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Andrzej Szczypiorski (1924–2000)

Author of The Beautiful Mrs. Seidenman

21+ Works 839 Members 18 Reviews 1 Favorited

About the Author

Andrzej Szczypiorski is a Polish novelist and playwright who uses wit, melancholy and a rare understanding of human nature to portray the political and social realities of Eastern Europe over the last turbulent fifty years. He calls on his own experience as a fighter in the Polish Resistance, a show more participant in the Warsaw uprising of 1944, and a German prisoner of war in his novel The Beautiful Mrs. Seidenman. He combines rich character studies with historical accuracy to create a poignant look at life under Nazi rule. Self-Portrait with Woman moves the clock up several decades to look at the malaise of post-communist Poland. Once again, history's effect on individuals creates a bittersweet picture by a master storyteller. Andrzej Szczypiorski's work has been compared to that of Milan Kundera. He stands with Kundera as one of the most important writers of Eastern Europe. (Bowker Author Biography) show less
Image credit: Andrzej Szczypiorsk

Works by Andrzej Szczypiorski

Associated Works

Conversations with an Executioner (1972) — Foreword, some editions — 101 copies
The Dedalus Book of Polish Fantasy (1996) — Contributor — 48 copies
Diabli Wiedzą Co... — Contributor — 4 copies


Common Knowledge



It took me longer than I anticipated to become as fully immersed in this work as in the first book of his that I read, A Mass for Arras (reviewed here). But when I did I came away enormously impressed—again—with this author, a Polish Catholic who writes about Jewish/Polish relations. A man who took part in the Warsaw Uprising in WWII, was imprisoned in a Nazi concentration camp, was an activist for Solidarity, and was imprisoned by the Polish Communist government, and who—it appeared after his death—may have collaborated with the secret police under Stalin. The book tells of the arrest and brief imprisonment of the title character. Each chapter examines in detail the life of one of the various people—Pole, Jew, Nazi, Catholic nun, and others—who had a role in her release. The stories are vividly told, occasionally philosophical, and always deeply moving. An exceptional work, highly recommended.… (more)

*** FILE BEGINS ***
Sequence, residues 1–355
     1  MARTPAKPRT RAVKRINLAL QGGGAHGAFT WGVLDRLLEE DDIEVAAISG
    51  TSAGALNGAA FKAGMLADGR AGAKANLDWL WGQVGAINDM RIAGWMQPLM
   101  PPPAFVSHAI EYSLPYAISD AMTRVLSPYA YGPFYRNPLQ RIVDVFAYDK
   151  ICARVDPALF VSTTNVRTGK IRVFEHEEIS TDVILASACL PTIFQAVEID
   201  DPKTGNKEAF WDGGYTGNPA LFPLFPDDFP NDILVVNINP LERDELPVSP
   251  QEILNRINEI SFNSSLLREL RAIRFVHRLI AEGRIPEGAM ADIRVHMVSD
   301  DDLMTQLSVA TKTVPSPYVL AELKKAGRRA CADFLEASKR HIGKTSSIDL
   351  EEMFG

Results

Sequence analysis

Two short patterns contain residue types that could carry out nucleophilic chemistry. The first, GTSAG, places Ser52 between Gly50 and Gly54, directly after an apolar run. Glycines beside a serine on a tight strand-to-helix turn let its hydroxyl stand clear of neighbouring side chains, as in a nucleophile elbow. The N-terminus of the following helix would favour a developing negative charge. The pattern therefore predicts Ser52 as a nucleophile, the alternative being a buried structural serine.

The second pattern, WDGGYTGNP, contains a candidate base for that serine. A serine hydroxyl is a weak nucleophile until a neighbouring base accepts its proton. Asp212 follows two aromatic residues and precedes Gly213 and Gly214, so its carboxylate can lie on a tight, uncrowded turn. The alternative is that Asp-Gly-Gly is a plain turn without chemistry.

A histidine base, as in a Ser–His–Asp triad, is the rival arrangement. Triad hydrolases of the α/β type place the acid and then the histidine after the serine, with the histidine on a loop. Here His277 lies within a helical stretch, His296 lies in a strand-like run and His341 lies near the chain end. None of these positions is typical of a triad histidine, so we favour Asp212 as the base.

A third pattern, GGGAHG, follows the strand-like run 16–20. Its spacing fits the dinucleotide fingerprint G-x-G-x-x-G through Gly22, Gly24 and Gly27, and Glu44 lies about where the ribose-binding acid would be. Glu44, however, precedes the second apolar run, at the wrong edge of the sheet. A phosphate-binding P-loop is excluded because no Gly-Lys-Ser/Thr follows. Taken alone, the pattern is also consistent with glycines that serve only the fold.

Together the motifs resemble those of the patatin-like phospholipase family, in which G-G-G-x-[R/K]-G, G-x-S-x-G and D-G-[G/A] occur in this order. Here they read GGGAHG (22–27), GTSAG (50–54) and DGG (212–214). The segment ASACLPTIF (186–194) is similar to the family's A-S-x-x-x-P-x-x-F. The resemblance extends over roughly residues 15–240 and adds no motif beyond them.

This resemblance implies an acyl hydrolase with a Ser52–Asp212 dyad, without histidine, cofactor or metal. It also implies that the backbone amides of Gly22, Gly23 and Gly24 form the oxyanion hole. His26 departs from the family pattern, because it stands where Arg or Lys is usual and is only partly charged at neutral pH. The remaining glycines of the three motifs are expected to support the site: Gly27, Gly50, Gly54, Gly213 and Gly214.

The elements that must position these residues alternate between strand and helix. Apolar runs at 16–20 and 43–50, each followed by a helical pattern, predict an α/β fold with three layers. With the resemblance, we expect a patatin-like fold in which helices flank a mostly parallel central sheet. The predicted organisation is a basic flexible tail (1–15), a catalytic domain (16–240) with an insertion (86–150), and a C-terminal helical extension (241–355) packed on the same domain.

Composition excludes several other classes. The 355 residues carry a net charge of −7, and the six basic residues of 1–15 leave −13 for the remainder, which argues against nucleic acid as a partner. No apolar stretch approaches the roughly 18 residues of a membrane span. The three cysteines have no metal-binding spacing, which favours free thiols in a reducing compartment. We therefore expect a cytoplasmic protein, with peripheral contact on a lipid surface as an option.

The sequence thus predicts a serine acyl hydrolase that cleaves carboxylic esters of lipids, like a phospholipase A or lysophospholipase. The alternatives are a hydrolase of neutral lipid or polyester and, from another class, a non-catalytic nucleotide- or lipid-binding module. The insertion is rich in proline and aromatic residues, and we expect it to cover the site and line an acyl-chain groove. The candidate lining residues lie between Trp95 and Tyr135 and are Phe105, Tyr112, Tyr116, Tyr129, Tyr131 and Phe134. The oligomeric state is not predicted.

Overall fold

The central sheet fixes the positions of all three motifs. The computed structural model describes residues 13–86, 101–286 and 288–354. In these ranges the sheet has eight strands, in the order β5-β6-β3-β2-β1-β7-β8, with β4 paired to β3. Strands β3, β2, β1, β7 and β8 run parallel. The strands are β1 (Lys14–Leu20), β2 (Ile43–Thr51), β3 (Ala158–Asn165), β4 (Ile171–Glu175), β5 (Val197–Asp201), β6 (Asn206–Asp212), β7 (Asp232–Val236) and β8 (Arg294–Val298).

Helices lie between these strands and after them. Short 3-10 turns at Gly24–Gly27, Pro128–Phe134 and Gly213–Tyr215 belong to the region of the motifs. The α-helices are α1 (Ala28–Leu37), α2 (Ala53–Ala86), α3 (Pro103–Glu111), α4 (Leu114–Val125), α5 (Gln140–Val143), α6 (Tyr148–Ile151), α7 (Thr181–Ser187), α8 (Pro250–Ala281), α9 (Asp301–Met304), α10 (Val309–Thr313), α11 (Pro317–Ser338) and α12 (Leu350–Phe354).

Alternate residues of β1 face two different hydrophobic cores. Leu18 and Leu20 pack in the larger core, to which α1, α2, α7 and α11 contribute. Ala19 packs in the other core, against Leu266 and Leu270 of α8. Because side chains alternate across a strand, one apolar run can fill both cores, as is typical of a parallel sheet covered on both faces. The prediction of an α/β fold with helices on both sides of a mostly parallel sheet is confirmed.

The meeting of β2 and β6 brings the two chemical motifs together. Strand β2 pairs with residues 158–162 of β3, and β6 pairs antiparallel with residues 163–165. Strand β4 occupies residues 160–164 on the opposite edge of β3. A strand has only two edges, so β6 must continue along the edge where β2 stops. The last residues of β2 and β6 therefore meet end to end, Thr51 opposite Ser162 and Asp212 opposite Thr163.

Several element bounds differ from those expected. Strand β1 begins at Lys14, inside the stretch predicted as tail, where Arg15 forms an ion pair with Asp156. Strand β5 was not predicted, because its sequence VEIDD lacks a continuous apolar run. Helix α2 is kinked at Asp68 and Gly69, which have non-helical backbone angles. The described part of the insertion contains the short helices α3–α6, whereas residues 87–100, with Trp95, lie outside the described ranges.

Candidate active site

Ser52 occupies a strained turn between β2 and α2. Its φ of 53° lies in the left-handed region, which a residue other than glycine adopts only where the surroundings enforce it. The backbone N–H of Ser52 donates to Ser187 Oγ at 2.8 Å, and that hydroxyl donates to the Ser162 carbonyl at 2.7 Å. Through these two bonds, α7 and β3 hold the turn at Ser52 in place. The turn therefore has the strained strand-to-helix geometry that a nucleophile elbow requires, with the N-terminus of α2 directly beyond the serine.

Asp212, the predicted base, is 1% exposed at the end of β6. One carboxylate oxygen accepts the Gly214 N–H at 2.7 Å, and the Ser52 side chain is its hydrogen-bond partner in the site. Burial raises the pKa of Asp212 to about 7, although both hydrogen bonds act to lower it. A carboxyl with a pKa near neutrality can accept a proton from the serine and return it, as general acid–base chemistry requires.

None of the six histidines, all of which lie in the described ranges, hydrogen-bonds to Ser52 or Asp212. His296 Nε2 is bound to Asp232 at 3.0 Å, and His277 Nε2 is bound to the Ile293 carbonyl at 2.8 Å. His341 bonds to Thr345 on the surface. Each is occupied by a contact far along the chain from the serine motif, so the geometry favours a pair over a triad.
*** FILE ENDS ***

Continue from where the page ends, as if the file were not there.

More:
Gypsy_Boy | 11 other reviews | Aug 22, 2023 |
Szczypiorski (1928-2000) was, among other things, a partisan in WWII who also took part in the Warsaw Uprising. He was arrested and imprisoned at the Sachsenhausen concentration camp, where he survived until 1945. I mention that background by way of explaining my reaction to this book. The story is an allegory, a parable that explains how totalitarianism can arise. Three years after the plague kills a substantial number of local citizens in 1458, the town of Arras descends into a frenzy when a valuable horse dies after its owner is supposedly cursed by his Jewish neighbor. The Jews kills himself before a trial can take place but the townspeople proceed to rob, exile, and kill not only the local Jews but anyone who expresses sympathy for them, criticizes the new orthodoxy, or, finally, shows any “aberrant” behavior. I could not read this book without immediately thinking of Germany (and Italy) in the 1930s. Szczypiorski narrates this tale through the eyes of Jan, a Christian intellectual who participates in the mass hysteria only to find himself suspected of heresy. He recoils from his mentor, Father Albert, a proto-fascist demagogue, but when his other role model, David, Bishop of Utrecht, absolves all the citizens of their sins, Jan recognizes the horrifying consequences of unquestioning acceptance of authority. Beautifully told, terrifying in its reality, highly recommended.… (more)
Gypsy_Boy | 2 other reviews | Aug 22, 2023 |
I recall being profoundly underimpressed with such. The translator of such also wrote a novel about Stalin, if I'm not mistaken.
jonfaith | 2 other reviews | Feb 22, 2019 |
Reflections of loves long gone and one just beginning.
soylentgreen23 | Jul 3, 2016 |


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